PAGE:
This episode also has more than a few moments where characters just don't feel right. This is most noticeable with Nathan's immediate interest and devotion to the pregnant Marnie. Sure, it's nice to see Nathan find someone who can put up with him, but it came out of the blue, and his connection to her wasn't really fleshed out at all. To be honest, I'm not sure what purpose she served in the story other than to provide a moment for a Christmas-themed musical number.
Yes, a musical number. The whole cast, singing a Christmas carol to the newborn infant. It was a little too saccharine for me, and even having the characters joke about it afterwards didn't help.
But what the removal of the gang's powers did allow, was an actual death. Nikki takes a bullet to the chest, and without his ability to rewind time, Curtis just has to let her die in his arms and deal with it. That was a nice touch that really made me think that Overman has realized that the time travel needed to be jettisoned.
I also think Overman realized that he'd painted himself into a corner with the gang's powers. None of them were really pro-active. They were appropriate for that first season and a half, where we were just dealing with the characters as ordinary people in extraordinary situations, but once we moved into a narrative world where more and more people have these powers, and our antagonists were setting themselves up as superheroes, their specialness began to dilute.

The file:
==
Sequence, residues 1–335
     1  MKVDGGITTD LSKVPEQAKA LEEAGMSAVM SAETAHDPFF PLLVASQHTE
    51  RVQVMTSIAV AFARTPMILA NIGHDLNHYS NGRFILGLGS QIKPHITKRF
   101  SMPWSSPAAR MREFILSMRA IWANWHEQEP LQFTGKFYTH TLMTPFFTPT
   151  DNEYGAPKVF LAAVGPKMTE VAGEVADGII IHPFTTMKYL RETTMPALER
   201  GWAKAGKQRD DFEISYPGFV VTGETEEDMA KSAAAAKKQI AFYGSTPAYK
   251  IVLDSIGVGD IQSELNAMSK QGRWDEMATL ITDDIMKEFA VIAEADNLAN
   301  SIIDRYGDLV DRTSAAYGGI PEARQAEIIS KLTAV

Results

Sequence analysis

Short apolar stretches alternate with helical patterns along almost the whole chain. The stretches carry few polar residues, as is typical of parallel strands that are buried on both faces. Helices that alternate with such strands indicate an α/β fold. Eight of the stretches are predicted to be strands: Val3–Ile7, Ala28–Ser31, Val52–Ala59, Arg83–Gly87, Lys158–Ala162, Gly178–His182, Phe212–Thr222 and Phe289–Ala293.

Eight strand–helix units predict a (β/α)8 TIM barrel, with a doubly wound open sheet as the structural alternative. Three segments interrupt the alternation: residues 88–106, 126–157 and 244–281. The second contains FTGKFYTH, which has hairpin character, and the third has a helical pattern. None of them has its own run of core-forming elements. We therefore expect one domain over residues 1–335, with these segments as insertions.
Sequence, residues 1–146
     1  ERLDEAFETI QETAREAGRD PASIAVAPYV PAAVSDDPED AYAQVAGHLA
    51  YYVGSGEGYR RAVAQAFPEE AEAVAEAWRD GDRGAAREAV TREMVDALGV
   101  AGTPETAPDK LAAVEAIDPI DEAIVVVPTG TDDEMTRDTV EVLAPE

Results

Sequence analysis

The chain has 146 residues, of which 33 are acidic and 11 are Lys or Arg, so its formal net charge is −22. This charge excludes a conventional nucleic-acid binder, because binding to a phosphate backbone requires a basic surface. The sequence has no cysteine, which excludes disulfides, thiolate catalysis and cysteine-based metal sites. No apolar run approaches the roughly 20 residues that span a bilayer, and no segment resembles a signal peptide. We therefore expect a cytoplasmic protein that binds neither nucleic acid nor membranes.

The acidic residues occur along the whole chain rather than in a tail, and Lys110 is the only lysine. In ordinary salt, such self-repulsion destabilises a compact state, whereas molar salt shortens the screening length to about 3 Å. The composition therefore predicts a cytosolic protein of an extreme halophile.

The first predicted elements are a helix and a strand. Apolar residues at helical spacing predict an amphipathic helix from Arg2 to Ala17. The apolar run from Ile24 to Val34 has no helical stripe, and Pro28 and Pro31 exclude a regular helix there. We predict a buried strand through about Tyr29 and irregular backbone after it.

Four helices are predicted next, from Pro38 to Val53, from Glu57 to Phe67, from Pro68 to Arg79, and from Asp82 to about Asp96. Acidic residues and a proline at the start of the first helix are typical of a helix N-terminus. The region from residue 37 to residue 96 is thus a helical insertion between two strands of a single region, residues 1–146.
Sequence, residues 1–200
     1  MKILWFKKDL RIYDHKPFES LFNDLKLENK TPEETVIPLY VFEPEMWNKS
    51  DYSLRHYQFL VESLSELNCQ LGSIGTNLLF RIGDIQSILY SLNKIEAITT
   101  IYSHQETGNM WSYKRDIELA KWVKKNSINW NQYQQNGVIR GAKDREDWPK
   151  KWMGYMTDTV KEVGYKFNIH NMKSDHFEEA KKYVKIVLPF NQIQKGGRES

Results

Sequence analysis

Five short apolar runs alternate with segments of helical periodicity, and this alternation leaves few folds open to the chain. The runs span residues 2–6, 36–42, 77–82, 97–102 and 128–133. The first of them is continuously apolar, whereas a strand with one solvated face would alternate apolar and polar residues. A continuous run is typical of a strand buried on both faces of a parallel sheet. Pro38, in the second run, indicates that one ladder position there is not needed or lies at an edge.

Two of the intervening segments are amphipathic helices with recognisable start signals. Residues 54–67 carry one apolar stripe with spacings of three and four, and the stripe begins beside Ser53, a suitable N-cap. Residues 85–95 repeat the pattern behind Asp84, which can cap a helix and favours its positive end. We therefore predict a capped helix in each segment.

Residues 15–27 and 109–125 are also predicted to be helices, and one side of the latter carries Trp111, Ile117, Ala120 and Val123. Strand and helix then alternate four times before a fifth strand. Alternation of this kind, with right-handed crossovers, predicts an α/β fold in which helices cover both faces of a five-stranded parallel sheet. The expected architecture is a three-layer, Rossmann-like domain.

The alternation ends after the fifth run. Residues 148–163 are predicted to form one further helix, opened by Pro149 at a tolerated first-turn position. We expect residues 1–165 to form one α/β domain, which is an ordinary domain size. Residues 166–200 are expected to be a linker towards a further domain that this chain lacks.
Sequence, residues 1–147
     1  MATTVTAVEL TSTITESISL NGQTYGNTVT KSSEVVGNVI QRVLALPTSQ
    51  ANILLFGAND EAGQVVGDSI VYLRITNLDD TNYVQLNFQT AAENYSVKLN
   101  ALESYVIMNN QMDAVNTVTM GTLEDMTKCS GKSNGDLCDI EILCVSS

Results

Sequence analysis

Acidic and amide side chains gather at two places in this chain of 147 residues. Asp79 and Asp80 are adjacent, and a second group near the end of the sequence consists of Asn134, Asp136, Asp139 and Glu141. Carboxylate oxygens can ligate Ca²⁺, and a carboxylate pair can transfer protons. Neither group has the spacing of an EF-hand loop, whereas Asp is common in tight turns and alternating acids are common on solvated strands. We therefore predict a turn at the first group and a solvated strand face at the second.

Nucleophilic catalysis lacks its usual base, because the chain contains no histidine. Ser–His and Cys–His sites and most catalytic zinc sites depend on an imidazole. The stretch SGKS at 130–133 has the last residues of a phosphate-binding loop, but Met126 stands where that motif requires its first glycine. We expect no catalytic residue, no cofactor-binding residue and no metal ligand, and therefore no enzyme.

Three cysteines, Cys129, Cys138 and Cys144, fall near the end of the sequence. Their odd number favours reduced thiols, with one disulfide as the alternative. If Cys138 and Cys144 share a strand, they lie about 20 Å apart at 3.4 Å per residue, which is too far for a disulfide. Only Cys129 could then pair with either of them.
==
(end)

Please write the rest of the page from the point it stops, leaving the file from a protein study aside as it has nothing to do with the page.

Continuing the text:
Episode 6 really drove home this point, as all of their powers were useless against someone with as shit a power as lacto-kinesis. The passivity of our heroes powers was limiting what could be done with the overall story. If we are going to have them assume more active roles in the next season, something needed to be done. And the dealing of powers is a nice way of addressing this.
The real question now is what's going to happen next season. We end with our heroes buying new powers for themselves. Powers not associated with their personalities so much as their desires. They have enough money to take their pick of Seth's collection, which means next season promises a major new direction. Not only are we looking at an extended season with writers other than Overman, we're looking at new powers altogether. Which means we're dealing with Misfits possibly turning into something much more like Heroes than we started with.
I realize that this is all speculation, but that's where it looks like we're heading from my vantage point.
So, while I enjoyed this Christmas Special, and appreciate the fact that Overman is willing to tinker with everything that's been working (and not working) so far, it's dangerous. When Season Three begins, we're dealing with what is essentially a reboot of the show, and experience dictates that this has more potential for bad things to happen than good. But maybe we've hit the limit of what Overman felt he could accomplish with these characters with these powers at this point. Maybe there are bigger and better ideas on the way.
I hope that's the case. But the way this season ended has made me very nervous about where we're going next year. I love this show and really don't want to lose it.